0
$\begingroup$

Is there some efficient method to solve the following optimization problem? If $x_i$ is in a continuous set, is there some efficient method? Thanks.

$\min$ $x_1+x_2+\dots+x_n$

subject to:

$a_1\log x_1 +a_2\log x_2 + \dots +a_n\log x_n \geq c$;

$x_i \in \{b_1,b_2,\dots, b_m\}$, where $b_i\in \mathbb{R}^+$

$\endgroup$
  • $\begingroup$ Is $m^n$ large? Have you considered brute force? $\endgroup$ – Rodrigo de Azevedo Jan 31 at 20:58
  • $\begingroup$ Brute force is not an efficient method. $\endgroup$ – Timothy Feb 1 at 10:42
  • 2
    $\begingroup$ Better an inefficient method than no method. Of course, you can always transform the constraints into polynomial equalities $(x_i - b_1) (x_i - b_2) \cdots (x_i - b_m) = 0$ and then use Lagrange multipliers. $\endgroup$ – Rodrigo de Azevedo Feb 1 at 22:12
  • $\begingroup$ The values of $x_i$ are discrete. Can the numerical optimization methods be applied to the problem? $\endgroup$ – Timothy Feb 2 at 0:33
  • 1
    $\begingroup$ If these polynomials are really a great idea, we don't need MIP solvers anymore. We could just use $x(x-1)=0$ to implement a binary variable. $\endgroup$ – Erwin Kalvelagen Feb 6 at 3:26
2
$\begingroup$

I think this can be formulated as a linear MIP model. Not sure if that counts as efficient.

First we introduce binary variables

$$ y_{i,j} = \begin{cases} 1 & \text{if $x_i=b_j$}\\ 0 & \text{otherwise}\end{cases}$$

Then we can formulate:

$$\begin{align} \min & \sum_i x_i \\ & x_i = \sum_j y_{i,j} b_j\\ & \mathit{logx}_i = \sum_j y_{i,j} \log(b_j)\\ & \sum_j y_{i,j} = 1 && \forall i\\ & \sum_i a_i \mathit{logx}_i \ge c \\ & y_{i,j} \in \{0,1\} \\ & x_i, \mathit{logx}_i \in \mathbb{R} \end{align}$$

If you want to save a few variables and constraints, you can substitute out the variable $\mathit{logx}$. (I am usually not so stingy in that respect). The more compact model would look like:

$$\begin{align} \min & \sum_i x_i \\ & x_i = \sum_j y_{i,j} b_j\\ & \sum_j y_{i,j} = 1 && \forall i\\ & \sum_{i,j} a_i \log(b_j)\> y_{i,j} \ge c \\ & y_{i,j} \in \{0,1\} \\ & x_i \in \mathbb{R} \end{align}$$

We can even substitute out $x_i$, but you would need to recover them afterwards from the optimal values $y_{i,j}^*$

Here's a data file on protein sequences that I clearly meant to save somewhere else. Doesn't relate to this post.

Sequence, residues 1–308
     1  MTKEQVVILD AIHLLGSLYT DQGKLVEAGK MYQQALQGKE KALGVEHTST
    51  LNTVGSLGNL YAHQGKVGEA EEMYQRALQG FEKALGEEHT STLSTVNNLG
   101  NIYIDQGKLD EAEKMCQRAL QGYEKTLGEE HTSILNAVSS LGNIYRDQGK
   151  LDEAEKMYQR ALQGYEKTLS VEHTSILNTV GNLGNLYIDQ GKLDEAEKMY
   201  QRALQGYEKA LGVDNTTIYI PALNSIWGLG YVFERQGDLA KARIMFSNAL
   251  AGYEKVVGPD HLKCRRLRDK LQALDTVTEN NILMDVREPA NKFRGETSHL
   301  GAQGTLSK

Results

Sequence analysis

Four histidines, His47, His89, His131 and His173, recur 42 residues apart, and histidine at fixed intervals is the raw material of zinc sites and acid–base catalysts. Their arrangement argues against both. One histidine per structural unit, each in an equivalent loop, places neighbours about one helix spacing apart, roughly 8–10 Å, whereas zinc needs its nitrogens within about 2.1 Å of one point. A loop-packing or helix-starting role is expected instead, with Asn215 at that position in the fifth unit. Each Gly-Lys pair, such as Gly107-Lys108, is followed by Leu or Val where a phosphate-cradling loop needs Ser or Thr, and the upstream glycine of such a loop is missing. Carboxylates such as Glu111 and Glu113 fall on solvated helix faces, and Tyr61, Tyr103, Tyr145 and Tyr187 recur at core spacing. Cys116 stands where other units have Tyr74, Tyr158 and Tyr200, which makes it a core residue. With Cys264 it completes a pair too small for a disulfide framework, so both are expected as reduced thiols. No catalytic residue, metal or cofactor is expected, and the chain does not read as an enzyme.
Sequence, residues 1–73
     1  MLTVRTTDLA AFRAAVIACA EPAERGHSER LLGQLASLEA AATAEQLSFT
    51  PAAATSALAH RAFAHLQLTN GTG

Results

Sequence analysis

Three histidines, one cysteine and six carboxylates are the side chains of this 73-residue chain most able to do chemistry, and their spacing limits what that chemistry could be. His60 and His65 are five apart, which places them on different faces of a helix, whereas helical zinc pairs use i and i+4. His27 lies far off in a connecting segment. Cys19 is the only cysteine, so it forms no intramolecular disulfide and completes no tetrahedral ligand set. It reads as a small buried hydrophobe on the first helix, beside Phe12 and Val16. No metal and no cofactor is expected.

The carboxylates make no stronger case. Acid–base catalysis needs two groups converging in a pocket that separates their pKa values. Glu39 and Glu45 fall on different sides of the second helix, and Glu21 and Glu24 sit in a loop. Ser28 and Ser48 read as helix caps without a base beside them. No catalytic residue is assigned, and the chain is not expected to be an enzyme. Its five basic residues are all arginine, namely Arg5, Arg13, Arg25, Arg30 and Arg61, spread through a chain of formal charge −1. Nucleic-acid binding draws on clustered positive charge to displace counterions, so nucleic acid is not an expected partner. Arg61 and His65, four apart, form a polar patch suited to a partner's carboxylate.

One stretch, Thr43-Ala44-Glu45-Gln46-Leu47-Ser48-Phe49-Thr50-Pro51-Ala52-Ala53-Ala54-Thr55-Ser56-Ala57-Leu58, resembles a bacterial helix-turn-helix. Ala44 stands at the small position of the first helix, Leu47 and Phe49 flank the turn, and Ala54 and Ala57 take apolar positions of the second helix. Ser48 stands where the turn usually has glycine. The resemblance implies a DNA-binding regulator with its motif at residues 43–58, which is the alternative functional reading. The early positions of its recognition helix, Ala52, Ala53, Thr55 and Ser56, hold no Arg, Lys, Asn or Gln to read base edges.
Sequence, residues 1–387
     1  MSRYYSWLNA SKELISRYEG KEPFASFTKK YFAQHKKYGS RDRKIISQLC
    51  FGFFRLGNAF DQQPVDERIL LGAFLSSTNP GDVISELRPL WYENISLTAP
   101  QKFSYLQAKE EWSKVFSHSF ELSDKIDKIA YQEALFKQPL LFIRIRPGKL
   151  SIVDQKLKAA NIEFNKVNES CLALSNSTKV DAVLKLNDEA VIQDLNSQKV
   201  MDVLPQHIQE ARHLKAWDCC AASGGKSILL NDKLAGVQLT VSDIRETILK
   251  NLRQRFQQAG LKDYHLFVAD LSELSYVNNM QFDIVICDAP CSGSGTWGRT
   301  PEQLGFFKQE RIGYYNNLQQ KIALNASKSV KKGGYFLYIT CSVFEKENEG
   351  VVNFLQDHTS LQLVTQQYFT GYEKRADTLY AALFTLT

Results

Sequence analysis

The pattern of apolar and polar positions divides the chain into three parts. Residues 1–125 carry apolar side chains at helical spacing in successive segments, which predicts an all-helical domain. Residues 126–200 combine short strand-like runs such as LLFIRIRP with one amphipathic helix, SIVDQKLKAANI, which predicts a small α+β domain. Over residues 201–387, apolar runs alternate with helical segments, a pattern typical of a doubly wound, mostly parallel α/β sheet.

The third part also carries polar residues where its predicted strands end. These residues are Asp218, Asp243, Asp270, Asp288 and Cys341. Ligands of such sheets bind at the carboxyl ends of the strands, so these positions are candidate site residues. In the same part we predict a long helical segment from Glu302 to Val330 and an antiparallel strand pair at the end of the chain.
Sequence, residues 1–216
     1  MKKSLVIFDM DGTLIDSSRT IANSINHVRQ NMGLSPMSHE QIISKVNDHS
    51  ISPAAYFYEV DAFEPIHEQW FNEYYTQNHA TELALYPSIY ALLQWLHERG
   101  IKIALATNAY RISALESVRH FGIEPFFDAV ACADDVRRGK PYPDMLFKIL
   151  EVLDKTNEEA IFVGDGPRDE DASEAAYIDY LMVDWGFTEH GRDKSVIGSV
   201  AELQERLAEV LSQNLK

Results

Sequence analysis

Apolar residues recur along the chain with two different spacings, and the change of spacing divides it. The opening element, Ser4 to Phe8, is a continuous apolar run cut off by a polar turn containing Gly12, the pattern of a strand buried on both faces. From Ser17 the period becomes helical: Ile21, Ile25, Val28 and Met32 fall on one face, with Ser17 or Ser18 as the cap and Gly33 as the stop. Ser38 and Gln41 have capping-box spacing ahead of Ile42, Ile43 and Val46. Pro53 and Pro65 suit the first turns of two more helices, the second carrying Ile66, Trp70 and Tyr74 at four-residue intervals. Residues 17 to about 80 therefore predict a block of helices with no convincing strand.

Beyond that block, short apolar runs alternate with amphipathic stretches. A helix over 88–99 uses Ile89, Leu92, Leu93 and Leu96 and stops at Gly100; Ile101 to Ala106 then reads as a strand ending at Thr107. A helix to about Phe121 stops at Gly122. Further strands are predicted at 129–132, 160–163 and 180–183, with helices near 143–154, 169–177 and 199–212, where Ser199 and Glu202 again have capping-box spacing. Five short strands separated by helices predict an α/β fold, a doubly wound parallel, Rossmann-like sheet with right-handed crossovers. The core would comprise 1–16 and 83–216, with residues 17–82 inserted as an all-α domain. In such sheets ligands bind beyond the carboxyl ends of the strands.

I am quite sure this will do much better than complete enumeration. Throw this at a high-performance MIP solver on a parallel machine and you can solve large models hopefully quickly. On my laptop with random data: for a problem with $n=m=100$ just a few seconds (of course different data may give different timings).

$\endgroup$
  • $\begingroup$ Well done! Any benefit from formulating $\sum_j y_{ij} = 1$ as SOS1 (since $b_j$ are ordered)? A MINLP solver can solve the initial formulation btw (since the relaxation it is convex). $\endgroup$ – LinAlg Feb 6 at 20:51
  • $\begingroup$ (1) SOS1 does not do bounding. In modern solvers binary variables often are much better (e.g. cut generation). (2) In an MINLP you still need the $y_{i,j}$ to model the allowed values. I get basically the logs for free as I already have the $y$'s anyway. $\endgroup$ – Erwin Kalvelagen Feb 6 at 21:10
  • $\begingroup$ What do you mean by "SOS1 does not do bounding"? On MINLP: you are right; now that I think about it, it is weird that MINLP solvers do not accept a discrete set as input. The branch&bound process is just as complex as for a set $[a,b] \cap \mathbb{Z}$. $\endgroup$ – LinAlg Feb 6 at 21:53
  • $\begingroup$ SOS1/SOS2 does very little to tighten the lower bound. Binary variables often do a very good job: cut generation is best when using binary variables. SOS2 has some value for modeling, but even for interpolation binary variables often work better. $\endgroup$ – Erwin Kalvelagen Feb 6 at 22:36

Your Answer

By clicking "Post Your Answer", you acknowledge that you have read our updated terms of service, privacy policy and cookie policy, and that your continued use of the website is subject to these policies.

Not the answer you're looking for? Browse other questions tagged or ask your own question.